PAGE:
Golden Age Of Hollywood – Olivia de Havilland

Olivia de Havilland 1 July 1916 – 26 July 2020

“Playing good girls in the ‘30s was difficult, when the fad was to play bad girls. Actually I think playing bad girls is a bore; I have always had more luck with good girl roles because they require more from an actress” Olivia de Havilland

In Her Blood

Acting legend Olivia de Havilland’s story began in Tokyo, Japan in 1916 where her British father Walter (a relation of aircraft pioneer Geoffrey de Havilland) was an English professor and patent attorney. Acting was in Olivia’s blood; her mother Lilian was an actress and Olivia’s younger sister also became an Oscar-winning actress, as Joan Fontaine. Settled in California following her parent’s divorce, Olivia loved acting in school dramas. Her performance in A  Midsummer’s Dream at Mills College, Oakland got the attention of director Max Reinhardt; a part for her in a film version followed in 1935.

Pioneering Woman

Warner Bros. signed Olivia to a 7-year contract, with 3 more film roles in 1935, including swashbuckler Captain Blood, starring with Errol Flynn (they co-starred in 8 films). Often cast as the demure heroine, her outward fragility could belie steely resolve beneath, never more evident than as Melanie Wilkes in 1939’s Gone With the Wind (for which Warner loaned her to David O’Selznick), which gained her a Best Actress nomination. Back at Warner, she challenged the studio over her undemanding parts, resulting in a 6-month suspension. When this time was added to her contract, she sued the studio and won; the ‘de Havilland Decision’ was a landmark victory.

The Glory Years

By 1942 Olivia had been nominated twice for Best Actress, for 1939’s Gone With The Wind and for Hold Back the Dawn, 1941. She lost on both occasions; to co-star Hattie McDaniel in 1940 then to her sister Joan Fontaine, who won the 1942 award for her role in 1941’s Suspicion. However despite lost time during her court case and convalescence after an appendectomy, Olivia was back on screen by the mid-40s, winning Best Actress Oscars for 1946’s To Each His Own and 1949’s The Heiress. After My Cousin Rachel, 1952, her career took a backseat to her role as wife and mother. The 60s brought Light in the Piazza and Hush Hush Sweet Charlotte. Her last movie was The Fifth Musketeer, 1979.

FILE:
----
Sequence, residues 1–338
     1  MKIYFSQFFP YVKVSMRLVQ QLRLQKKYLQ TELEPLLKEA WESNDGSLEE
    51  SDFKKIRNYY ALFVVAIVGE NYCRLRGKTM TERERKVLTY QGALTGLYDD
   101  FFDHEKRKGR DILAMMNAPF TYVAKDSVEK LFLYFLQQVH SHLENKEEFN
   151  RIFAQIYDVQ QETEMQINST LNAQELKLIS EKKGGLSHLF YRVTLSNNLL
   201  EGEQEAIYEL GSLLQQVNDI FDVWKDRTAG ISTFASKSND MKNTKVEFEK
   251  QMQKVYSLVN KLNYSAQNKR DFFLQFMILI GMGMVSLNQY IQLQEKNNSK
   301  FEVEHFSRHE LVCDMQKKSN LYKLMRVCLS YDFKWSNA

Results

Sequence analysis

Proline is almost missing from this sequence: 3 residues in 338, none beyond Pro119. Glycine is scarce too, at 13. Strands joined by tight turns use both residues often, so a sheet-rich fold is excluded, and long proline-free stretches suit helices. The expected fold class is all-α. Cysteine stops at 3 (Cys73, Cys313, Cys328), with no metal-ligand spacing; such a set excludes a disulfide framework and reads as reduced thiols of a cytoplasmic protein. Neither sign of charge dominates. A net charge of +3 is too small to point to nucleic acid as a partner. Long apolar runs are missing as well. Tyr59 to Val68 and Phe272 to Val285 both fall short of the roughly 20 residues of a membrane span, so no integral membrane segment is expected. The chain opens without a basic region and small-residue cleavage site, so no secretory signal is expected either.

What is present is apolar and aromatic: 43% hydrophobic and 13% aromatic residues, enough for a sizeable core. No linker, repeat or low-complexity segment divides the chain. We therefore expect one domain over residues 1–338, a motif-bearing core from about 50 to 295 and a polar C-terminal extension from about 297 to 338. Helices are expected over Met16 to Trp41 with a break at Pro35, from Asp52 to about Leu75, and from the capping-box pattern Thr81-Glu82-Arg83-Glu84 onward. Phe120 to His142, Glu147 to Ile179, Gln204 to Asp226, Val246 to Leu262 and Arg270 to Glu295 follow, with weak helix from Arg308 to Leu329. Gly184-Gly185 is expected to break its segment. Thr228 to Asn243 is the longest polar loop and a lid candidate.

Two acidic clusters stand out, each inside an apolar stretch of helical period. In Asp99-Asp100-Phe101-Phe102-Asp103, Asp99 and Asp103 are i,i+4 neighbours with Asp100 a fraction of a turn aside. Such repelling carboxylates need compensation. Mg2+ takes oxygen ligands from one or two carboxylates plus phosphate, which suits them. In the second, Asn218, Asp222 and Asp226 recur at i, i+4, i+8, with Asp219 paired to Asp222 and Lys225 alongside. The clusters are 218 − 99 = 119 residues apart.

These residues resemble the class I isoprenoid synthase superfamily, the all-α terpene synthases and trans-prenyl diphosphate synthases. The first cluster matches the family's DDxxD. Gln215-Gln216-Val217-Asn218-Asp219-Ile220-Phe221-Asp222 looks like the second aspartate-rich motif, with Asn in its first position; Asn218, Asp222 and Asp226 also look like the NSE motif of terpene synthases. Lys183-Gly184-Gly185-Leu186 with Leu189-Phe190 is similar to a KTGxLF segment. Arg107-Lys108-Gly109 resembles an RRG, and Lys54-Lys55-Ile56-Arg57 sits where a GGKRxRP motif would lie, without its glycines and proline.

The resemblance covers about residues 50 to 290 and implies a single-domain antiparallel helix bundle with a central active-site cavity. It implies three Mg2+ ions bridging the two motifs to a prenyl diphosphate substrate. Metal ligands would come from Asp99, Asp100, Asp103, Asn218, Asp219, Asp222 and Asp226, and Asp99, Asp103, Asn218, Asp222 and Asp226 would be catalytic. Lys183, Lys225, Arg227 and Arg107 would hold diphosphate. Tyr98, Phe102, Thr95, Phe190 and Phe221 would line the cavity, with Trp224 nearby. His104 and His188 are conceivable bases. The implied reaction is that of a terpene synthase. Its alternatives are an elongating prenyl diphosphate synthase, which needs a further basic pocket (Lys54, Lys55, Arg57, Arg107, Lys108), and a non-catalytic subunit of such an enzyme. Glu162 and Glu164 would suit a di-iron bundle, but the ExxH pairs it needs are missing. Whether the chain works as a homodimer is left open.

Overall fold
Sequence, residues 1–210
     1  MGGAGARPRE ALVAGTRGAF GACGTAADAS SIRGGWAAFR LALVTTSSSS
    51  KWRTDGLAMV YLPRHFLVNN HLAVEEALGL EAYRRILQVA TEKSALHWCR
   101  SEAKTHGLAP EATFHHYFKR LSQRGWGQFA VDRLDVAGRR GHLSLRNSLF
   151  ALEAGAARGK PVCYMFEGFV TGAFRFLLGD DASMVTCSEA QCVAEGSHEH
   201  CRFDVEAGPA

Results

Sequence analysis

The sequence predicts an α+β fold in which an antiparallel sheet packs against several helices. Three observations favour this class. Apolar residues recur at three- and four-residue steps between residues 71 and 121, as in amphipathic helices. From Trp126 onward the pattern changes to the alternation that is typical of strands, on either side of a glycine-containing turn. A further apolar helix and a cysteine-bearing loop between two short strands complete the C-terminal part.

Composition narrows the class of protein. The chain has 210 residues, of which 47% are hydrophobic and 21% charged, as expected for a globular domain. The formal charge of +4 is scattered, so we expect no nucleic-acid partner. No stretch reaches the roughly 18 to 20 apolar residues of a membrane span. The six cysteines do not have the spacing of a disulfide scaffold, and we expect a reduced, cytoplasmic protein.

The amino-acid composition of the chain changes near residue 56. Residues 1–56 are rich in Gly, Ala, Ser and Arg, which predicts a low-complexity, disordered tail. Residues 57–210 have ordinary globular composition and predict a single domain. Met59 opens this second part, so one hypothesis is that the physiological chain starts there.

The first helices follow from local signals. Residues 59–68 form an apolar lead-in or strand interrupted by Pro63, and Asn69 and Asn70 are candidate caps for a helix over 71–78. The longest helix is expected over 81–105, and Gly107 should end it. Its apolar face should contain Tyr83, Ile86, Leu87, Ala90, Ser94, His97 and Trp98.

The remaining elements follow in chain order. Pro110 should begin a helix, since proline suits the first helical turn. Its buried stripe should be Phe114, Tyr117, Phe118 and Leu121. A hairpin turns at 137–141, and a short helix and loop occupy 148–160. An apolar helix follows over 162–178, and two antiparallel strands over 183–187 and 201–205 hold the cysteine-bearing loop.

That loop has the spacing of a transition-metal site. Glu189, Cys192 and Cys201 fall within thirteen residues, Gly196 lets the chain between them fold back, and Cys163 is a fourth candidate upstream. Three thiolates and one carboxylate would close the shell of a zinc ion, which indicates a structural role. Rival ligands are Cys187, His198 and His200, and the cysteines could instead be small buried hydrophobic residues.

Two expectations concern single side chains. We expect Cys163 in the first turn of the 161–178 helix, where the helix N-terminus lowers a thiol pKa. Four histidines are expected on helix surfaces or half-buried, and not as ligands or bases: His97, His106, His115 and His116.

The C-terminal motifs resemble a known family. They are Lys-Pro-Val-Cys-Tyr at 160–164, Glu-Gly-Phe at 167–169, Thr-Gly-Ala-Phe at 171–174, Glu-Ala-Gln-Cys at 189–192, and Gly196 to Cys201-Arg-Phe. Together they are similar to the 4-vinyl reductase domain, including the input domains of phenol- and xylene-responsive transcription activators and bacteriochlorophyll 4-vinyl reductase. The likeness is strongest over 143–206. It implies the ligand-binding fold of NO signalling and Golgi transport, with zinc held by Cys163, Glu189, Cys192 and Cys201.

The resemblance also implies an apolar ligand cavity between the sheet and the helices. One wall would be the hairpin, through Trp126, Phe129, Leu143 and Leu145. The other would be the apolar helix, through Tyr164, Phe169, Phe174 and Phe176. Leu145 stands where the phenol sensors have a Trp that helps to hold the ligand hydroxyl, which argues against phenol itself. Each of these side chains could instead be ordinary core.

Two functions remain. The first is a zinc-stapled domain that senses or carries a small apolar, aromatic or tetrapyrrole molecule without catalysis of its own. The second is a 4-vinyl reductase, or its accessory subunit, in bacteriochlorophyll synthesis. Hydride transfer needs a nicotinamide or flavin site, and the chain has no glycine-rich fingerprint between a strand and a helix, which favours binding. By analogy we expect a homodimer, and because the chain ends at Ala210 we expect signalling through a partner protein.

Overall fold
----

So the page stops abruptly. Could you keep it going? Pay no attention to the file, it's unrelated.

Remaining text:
Affairs of the Heart

Olivia admitted to a crush on co-star Errol Flynn. “I had a very big crush on Errol Flynn during Captain Blood. I thought he was absolutely smashing for three solid years, but he never guessed.” Other significant leading men in her life included actor James Stewart, tycoon Howard Hughes and director John Huston. She married writer Marcus Goodrich in 1946. The couple had a son, Benjamin and divorced in 1953. In 1955, Olivia married Pierre Galante, whom she’d met at the 1953 Cannes film festival, and moved to Paris. Their daughter Gisele was born in 1956. Olivia remained in Paris until her death on July 26, 2020.

The Feuds

Stories of rivalry between Olivia and sister Joan Fontaine are legendary. Joan pipped Olivia to the Best Actress Oscar in 1942 for Suspicion. Joan claimed abusive behaviour by Olivia in her memoir No Bed Of Roses (dubbed by Olivia “No Shred of Truth”) and Olivia famously snubbed Joan at the 1947 Oscars, following Joan’s criticism of Olivia’s husband. While Olivia largely kept a dignified silence, Joan was dismissive of the stories, putting them down to the press. Olivia is no stranger to off-screen drama; 2017 saw her lose her case with the creators of TV drama Feud:Bette And Joan (she regarded the portrayal of her as inaccurate), but was honoured by the Queen, becoming a Dame of the British Empire. She was a survivor. Her secret? In her own words, “love, laughter and learning”.




Audrey Patterson

Having started my career at My Weekly on Real Life stories, for the past 8 years I have been Beauty and Fashion Editor. I also write Travel and Homes features, plus the odd book review. We’re a flexible team! I also write features for Your Best Ever Christmas covering a variety of topics.